Don’t Judge a Phone by Its Cover: Inside the BlackBerry 10 | TechWell

Don’t Judge a Phone by Its Cover: Inside the BlackBerry 10

On Wednesday, the world saw something new—well, mostly new. RIM, soon to be BlackBerry, unveiled the long-awaited BlackBerry 10, their somehow first touchscreen phone. But, some are wondering if the company’s late entry into the game, while not without a significant challenge, could actually help BlackBerry separate itself from competitors—and perhaps even surpass them.

With touchscreen technology a given for any new product hitting the shelves, BlackBerry 10 does feature this, finally, though the company will release its “Q10” model later in the year with a full QWERTY keyboard for those still loyal to this somewhat antiquated phone feature.

Everyone knew BlackBerry would ultimately join the touchscreen phone market. Back in October, word began to get out what other features their new phone would offer, though not much excitement was created with such limited and even expected info.

In today’s smartphone market where, honestly, most phones look exactly the same (see last year’s Samsung vs. Apple patent wars), what smart consumers are more concerned with is what’s under the hood.

While BlackBerry’s phone won’t be available in the US until March, the company’s official launch on Wednesday has many people listening and maybe even considering coming back to their once loved “CrackBerries.” At the very least, this anticipation is something that RIM had been failing to achieve each year that previous models grew older.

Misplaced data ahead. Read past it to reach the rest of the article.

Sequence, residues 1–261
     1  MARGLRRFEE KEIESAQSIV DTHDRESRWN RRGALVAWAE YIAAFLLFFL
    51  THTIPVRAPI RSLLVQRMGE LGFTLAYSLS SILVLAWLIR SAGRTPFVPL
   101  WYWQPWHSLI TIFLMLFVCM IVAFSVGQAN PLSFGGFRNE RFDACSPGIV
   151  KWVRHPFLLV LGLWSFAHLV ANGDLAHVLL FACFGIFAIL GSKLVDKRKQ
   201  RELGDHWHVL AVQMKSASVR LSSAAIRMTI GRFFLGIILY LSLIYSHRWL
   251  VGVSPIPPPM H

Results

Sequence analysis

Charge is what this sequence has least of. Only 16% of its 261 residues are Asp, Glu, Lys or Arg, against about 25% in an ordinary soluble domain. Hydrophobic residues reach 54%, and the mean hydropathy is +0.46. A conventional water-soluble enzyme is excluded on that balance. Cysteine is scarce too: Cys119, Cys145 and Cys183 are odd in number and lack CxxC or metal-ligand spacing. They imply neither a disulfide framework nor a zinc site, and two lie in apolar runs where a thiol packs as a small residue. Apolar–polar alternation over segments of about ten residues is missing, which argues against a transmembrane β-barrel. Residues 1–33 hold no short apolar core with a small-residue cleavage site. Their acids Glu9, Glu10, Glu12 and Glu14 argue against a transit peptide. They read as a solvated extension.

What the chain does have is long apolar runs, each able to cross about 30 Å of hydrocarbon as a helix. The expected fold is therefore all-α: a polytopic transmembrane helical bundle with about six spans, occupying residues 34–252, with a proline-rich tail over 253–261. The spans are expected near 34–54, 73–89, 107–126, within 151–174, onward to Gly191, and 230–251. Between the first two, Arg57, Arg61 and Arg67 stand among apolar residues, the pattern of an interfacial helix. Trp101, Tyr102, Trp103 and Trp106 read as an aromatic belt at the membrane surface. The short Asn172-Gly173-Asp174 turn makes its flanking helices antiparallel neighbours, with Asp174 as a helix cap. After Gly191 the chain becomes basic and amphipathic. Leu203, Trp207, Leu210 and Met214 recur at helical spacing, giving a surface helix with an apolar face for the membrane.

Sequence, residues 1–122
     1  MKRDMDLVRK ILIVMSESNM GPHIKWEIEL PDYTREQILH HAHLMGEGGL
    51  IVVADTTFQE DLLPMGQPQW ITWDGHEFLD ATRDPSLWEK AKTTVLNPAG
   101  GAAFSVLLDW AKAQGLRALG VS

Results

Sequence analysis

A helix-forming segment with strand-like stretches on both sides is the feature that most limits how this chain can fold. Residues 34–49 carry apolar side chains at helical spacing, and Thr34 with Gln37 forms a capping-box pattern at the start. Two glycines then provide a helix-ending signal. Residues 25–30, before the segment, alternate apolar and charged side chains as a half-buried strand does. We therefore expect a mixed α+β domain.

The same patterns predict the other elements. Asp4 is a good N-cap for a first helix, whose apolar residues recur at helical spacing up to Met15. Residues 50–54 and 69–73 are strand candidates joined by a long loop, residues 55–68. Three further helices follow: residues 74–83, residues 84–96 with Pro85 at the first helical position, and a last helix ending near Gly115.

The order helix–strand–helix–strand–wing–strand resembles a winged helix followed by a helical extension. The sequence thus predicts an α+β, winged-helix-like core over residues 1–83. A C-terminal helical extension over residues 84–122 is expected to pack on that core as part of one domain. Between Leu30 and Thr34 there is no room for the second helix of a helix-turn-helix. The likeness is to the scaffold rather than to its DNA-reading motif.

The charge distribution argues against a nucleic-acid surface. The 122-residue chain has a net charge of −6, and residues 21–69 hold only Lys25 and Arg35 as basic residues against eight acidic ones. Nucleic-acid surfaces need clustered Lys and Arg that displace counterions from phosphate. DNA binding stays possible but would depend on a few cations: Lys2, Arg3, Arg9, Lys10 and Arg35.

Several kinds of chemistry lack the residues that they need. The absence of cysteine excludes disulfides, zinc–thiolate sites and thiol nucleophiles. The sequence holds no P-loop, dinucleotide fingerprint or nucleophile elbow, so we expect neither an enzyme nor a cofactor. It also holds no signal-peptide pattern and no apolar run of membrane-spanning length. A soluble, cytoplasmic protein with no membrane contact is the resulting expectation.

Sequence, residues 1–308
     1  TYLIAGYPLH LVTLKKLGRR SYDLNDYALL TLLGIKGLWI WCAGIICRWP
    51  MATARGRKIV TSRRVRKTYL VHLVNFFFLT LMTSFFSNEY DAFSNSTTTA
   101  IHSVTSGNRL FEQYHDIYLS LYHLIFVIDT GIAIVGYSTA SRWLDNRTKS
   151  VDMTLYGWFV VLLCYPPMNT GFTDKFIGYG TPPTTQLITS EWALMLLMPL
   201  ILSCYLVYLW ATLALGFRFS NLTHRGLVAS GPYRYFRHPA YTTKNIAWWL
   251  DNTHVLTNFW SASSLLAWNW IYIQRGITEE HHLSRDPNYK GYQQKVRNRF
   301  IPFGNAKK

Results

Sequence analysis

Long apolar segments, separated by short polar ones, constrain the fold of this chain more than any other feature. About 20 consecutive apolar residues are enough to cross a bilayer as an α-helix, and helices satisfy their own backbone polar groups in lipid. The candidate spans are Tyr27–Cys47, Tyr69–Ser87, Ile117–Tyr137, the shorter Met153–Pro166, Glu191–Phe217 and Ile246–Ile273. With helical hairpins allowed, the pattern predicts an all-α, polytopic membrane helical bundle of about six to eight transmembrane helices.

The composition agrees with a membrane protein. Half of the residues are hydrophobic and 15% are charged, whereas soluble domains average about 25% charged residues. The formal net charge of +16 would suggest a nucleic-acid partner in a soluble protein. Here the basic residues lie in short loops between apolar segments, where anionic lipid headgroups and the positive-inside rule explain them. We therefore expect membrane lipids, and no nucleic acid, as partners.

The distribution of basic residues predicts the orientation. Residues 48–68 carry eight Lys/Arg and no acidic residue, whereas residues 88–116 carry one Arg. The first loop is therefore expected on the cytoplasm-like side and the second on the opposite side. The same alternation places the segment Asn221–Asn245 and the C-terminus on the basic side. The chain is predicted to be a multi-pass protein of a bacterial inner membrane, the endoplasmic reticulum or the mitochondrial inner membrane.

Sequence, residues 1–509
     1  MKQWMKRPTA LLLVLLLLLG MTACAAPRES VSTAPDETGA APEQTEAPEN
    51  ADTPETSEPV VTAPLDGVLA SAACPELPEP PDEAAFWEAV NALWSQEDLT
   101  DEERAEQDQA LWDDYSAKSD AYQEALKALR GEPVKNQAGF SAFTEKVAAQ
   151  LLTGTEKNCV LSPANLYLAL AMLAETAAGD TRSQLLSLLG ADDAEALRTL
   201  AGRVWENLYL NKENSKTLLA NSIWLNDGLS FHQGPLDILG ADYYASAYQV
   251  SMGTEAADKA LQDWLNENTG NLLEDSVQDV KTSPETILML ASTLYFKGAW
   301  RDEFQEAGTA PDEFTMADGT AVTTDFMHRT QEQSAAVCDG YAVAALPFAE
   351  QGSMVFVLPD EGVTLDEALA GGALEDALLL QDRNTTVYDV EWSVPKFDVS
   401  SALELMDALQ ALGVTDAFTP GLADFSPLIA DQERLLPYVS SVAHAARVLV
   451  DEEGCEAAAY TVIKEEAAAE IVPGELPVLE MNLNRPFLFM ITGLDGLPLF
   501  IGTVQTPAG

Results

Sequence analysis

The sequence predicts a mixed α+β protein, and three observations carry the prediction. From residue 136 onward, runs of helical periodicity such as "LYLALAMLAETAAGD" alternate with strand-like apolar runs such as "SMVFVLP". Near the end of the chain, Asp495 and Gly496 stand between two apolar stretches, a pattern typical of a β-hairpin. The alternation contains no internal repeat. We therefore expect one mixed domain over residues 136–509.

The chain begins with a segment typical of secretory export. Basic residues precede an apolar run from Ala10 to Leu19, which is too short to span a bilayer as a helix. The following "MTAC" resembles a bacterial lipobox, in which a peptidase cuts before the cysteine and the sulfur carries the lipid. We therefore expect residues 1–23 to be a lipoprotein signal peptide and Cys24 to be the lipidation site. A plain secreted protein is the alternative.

This week, UK gadget news site Pocket-lint took a very close look at BB10, BlackBerry’s new operating system. Pocket-lint discovered that, while the company remained very true to what made people originally fall in love with their BlackBerries, they also smartly took advantage of adopting some of the qualities of Androids and iPhones that millions of others love as well.

If there’s any one product that the BlackBerry 10 most resembles, it’s probably RIM’s PlayBook tablet, a device still selling strong, though not as strong as some reports this week might have you believe. Both devices rely heavily on gesture-based commands, something that users may be shy to learn but will ultimately give users easier access than can be found on competitors’ devices.

Perhaps the biggest and most deeply buried selling point of the BlackBerry 10 is that its OS is built on QNX. Again, similar to the PlayBook whose OS is also built on QNX, the Blackberry 10 has the ability to communicate with other devices, switch between processes, and receive large format messages at real-time speed.

For the most in-depth coverage you’re likely to find anywhere—and to be fair, also the most biased—the reviewers at Crackberry.com fully break down the new OS and not surprisingly have given it stellar reviews.

No matter where your mobile device loyalty lies, we all win with greater competition among developers. So here’s to another legitimate entry into the field.

Are you looking forward to the arrival of the BlackBerry 10? Does “the company formerly known as RIM” have a chance to again compete with the likes of Google, Android, and Apple? Let us know in the comments below!

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